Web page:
Why I Created a Sh*t List
Around this time last year, my best friend Tricia Antonini and I were celebrating her birthday and our 30 years of friendship. She has always been “my person”, regardless of anyone that came into and out of our lives. We were always each other’s constant. When I needed advice, she always knew what to say.
When my son was born, she was the first person to hold him. When I got breast cancer, twice, she was there to support me through it. And when my first husband died of brain cancer and my son was only four, she helped me manage through the tsunami. How was I so lucky to find her at the age of 15?
She was a cancer veteran herself, having survived Leukemia three times since the age of 23. So, when we were 35 and she was helping me navigate the waters of being a widow with a young child, she cemented her place forever as “my person”.
Although we had a couple of months to get some affairs in order before my husband passed away, we missed some things in our planning. I remember the night my bestie and I spent two hours trying to crack his PlayStation password after he was gone, as I couldn’t get to any of our content without it. We couldn’t believe at the age of 35 I was having to deal with this, and it made me feel very uncertain and helpless, but at the same time we realized how unprepared I had been even with the notice we had.
When “my person” was diagnosed with Metastatic Breast Cancer and things started to progress, we had to spend time having difficult conversations about what was to come. But I wanted to ensure nothing was missed this time, so I knew what we had to do. I called it the SH*T LIST. The list of things you never want to have to talk about or may not be top of mind, such as care planning or digital asset planning. In my early 40’s, I was dealing with the very premature death of someone I cared about so much from cancer again, which seemed so unfair and yet, also an opportunity to ensure we didn’t miss anything this time.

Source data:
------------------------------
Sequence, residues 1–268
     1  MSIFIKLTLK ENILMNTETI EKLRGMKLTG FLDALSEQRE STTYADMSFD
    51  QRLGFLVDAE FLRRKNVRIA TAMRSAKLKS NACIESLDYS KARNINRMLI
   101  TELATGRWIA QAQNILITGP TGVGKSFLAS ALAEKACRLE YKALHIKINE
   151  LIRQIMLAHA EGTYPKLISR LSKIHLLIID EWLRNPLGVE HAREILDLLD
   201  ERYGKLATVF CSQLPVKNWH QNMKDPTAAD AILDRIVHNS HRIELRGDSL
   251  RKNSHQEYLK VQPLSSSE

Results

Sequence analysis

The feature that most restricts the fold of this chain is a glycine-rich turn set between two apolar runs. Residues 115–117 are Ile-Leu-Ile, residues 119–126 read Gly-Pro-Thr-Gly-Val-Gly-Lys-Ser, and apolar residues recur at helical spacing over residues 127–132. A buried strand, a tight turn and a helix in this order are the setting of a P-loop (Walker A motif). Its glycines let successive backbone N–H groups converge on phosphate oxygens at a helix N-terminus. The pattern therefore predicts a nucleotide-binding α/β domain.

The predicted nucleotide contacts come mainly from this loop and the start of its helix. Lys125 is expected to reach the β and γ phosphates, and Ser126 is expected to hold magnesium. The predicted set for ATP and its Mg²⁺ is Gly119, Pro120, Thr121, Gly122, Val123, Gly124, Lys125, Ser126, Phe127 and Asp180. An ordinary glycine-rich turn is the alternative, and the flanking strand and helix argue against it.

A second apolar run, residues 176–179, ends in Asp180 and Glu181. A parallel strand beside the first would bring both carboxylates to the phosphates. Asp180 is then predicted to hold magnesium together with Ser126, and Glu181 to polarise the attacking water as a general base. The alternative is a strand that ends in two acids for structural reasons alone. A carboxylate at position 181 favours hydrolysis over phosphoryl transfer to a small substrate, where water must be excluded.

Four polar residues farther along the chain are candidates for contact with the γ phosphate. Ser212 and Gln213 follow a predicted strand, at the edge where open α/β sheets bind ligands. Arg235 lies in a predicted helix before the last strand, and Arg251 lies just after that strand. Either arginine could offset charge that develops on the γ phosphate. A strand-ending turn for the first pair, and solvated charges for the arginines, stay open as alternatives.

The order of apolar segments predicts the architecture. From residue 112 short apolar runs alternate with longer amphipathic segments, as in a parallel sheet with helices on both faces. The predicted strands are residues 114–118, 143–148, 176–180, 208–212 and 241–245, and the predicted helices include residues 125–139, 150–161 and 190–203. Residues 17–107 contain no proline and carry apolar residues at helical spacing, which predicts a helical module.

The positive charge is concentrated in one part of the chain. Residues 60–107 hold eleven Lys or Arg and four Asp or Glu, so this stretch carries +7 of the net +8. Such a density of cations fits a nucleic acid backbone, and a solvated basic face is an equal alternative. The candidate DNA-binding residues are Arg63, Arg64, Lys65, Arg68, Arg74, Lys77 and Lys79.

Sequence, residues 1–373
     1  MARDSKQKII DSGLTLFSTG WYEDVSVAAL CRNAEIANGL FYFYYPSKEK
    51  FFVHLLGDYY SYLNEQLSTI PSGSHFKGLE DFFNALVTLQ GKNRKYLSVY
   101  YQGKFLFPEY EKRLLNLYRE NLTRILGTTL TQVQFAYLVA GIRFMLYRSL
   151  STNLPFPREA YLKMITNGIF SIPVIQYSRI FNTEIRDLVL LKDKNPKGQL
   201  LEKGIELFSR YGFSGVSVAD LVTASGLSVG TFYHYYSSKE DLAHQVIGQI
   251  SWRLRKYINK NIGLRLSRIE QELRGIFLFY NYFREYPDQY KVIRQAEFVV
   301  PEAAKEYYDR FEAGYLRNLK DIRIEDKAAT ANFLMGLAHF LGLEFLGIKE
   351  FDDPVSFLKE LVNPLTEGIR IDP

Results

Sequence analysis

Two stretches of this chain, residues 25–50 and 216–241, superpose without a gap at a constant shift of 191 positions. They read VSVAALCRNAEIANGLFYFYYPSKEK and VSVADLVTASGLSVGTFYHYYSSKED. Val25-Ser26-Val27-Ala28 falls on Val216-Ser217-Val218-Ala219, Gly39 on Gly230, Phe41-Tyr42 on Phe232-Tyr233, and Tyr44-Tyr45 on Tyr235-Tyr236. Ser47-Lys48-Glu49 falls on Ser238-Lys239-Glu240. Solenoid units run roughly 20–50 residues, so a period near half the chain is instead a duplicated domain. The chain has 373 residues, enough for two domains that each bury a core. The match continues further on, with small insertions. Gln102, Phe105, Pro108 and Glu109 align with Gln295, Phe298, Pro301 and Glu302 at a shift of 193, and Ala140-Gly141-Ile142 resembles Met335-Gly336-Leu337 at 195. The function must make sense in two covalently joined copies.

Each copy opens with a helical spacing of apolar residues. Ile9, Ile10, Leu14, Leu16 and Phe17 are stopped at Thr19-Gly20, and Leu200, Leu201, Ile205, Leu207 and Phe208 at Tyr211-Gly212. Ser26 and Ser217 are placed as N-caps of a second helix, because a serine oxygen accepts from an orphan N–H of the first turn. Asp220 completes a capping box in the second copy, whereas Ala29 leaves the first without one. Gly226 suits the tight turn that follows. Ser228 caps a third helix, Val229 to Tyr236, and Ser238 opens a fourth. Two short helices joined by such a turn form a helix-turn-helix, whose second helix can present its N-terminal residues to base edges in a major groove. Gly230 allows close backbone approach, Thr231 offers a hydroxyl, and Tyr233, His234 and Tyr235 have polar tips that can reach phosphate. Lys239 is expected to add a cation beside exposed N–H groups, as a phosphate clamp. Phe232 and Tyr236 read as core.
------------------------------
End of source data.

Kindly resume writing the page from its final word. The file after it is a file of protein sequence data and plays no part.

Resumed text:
It’s an impossible discussion that needs to happen and a list of topics that you may have pondered but never dreamed that you’d be deciding at such a young age when facing the reality of dying. After my bestie and I spent time going through and making a plan for her ‘SH*T LIST’, it did provide some peace to her, to me and to her family as we understood what was important to her, and we could refer to her list when we couldn’t remember the exact things she had shared. Decision making isn’t easy in the best of medical times and these types of conversations are very hard to initiate, but having them can make it a bit easier on everyone.
Having these hard conversations done and documented, we were able to put those thoughts into a box and focus on what was important during the last time we had with her – hugs, laughter and lots of love. She passed away last summer and the world will never be the same, but looking back, I am grateful that the legacy she wanted to leave behind is what we were able to bring to life.
Click here to download our new resource: The Sh*t List, that Tasha, along with Rethink’s MBC Advisory Board, helped create so you can navigate the difficult decisions that come with end-of-life care.
Tasha Westerman works as a Senior Vice President, People Services for Long View Systems, where she’s been helping their over 1200 employees since 2002. She spends much of her free time advocating for young breast cancer patients through her volunteer work for Rethink Breast Cancer. She has chaired Boobyball Calgary eight times and currently she is the Co-Chair of the MBC Advisory Board.
In November 2012, Tasha was named one of Avenue Magazine’s Top 40 under 40 and in January of 2011, she was named by the Calgary Herald as one of their 20 people to watch out for. She is also featured in the Canadian Screen award winning documentary “About Her” as one of nine young women sharing their unique cancer journey.
When she’s not busy working or bringing cancer to its knees, Tasha spends time with her husband, kids & family, who if you were to ask her, is the real reason she does all she does.